How can we as parents and teachers help children understand the glorious riches of the gospel? It begins by understanding how the role that God has given us is like that of a farmer. Have you ever pictured yourselves as farmers and your children and students as soil?
One of the things that brings a smile to my face every Sunday morning is the presence of little children—even some 2-year–olds—sitting with their parents in the corporate worship service. They are not all perfectly behaved, and sometimes their parents look a little frazzled by the end of the service. A few children won’t make it all the way to the end and will be taken out by a parent. And, once in a while, a child who should be taken out is left in the service. But these are very minor inconveniences compared to the wonderful benefits of having children in the corporate worship service.
What if you were to ask your children and the children in your church this simple question today: What’s special about today? What do we celebrate and why? Would the historic event of Martin Luther nailing his 95 theses to the door to the door of a Roman Catholic Church in Wittenberg, Germany in the year 1517 come to mind—an event that sparked the great Protestant Reformation? Why does this 502-year-old event even matter? Why should we teach our children about it and celebrate it?
We fill words with meaning. The more important the word and what it relates to, the more essential to “fill it” and interpret it with the intended meaning. When it comes to our children’s and students' response to the gospel, two words require careful attention: repent and believe.
On the long drive home from our Louisville conference, the Truth78 team listened to “One Generation Shall Praise Your Works to Another,” a sermon by John Piper during the early years of David and Sally Michael’s ministry to families and children at Bethlehem Baptist Church. This message by John beautifully communicates the heart and soul of the vision and mission of Truth78.
What might happen in our classrooms if we took these words by David Wells to heart:
Until we recognize afresh the centrality of God’s holiness, until it once again enters into the innermost fibers of evangelical faith, our virtue will lack seriousness, our belief will lack poignancy, our practice will lack moral pungency, our worship will lack joyful seriousness, our preaching [and teaching] will lack the mordancy of grace, and the church will be just one more special interest pleading for hearing in a world of competing enterprises.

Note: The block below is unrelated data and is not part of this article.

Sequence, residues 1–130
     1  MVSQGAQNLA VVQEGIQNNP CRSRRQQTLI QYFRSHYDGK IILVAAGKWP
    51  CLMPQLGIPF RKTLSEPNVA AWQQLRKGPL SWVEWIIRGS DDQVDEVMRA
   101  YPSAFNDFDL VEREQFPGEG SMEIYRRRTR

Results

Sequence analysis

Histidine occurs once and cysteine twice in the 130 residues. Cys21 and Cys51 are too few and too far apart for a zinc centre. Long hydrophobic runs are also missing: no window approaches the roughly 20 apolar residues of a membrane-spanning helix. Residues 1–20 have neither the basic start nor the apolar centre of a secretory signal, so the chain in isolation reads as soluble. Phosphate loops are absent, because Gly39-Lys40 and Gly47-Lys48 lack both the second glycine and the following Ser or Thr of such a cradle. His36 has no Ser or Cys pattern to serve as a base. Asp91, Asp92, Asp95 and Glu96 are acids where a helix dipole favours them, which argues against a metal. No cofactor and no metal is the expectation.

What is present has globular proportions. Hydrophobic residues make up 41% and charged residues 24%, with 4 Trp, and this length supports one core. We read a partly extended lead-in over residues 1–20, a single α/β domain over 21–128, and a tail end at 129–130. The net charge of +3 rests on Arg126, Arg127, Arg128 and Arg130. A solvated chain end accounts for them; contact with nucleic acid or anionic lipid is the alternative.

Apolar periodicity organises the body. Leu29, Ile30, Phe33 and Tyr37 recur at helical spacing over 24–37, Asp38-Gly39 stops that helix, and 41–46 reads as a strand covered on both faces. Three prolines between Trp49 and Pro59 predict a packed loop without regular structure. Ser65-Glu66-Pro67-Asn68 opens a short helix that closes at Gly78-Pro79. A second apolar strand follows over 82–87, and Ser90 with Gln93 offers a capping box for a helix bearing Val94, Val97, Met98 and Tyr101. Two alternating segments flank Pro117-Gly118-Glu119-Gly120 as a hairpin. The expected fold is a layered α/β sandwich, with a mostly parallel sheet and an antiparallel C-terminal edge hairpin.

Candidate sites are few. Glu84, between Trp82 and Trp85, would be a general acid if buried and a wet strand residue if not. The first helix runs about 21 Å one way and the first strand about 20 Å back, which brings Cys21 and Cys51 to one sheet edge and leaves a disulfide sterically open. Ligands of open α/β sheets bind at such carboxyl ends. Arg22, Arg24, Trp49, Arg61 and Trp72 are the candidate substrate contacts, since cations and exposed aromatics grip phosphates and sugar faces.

Before ascending into heaven, Jesus gave every Christian in every century a commission with eternal significance:
…"All authority in heaven and on earth has been given to me. Go therefore and make disciples of all nations, baptizing them in the name of the Father and of the Son and of the Holy Spirit, teaching them to observe all that I have commanded you. And behold, I am with you always, to the end of the age."—Matthew 28:18-20
A new Sunday school year is upon us, and ministry leaders and volunteers are busy planning, preparing, and setting classroom schedules. There are so many options for classroom time: hands-on activities, crafts, games, birthday celebrations, singing and worship, prayer, missions focus, Bible memory work, time to simply hang out, etc. These all can be good and compelling activities. But what should ultimately provide the “measure” by which all of our classroom activities are assessed and then incorporated…or not incorporated into our limited classroom time? ... More
I can still remember cringing when I heard this announcement from the pulpit one Sunday morning long ago:
We need more workers for children’s Sunday school. If you’re interested, there is a table in the hallway where you can sign up to help.
Does that kind of recruitment pitch sound at all familiar? I hope not. Needless to say, I don’t think that particular announcement got anyone excited to give up their Sunday mornings in order to serve in children’s Sunday school.
The people who have the most access, the best opportunity, and the greatest potential influence—not to mention the biblical responsibility for helping children walk in the truth—are their parents. My plea to parents and grandparents is that they make the most of the fleeting opportunity they have.
The life of a parent today can quickly become consumed by so many good things that there is little time left for what is most important. Parents must not trade the greater things for lesser things.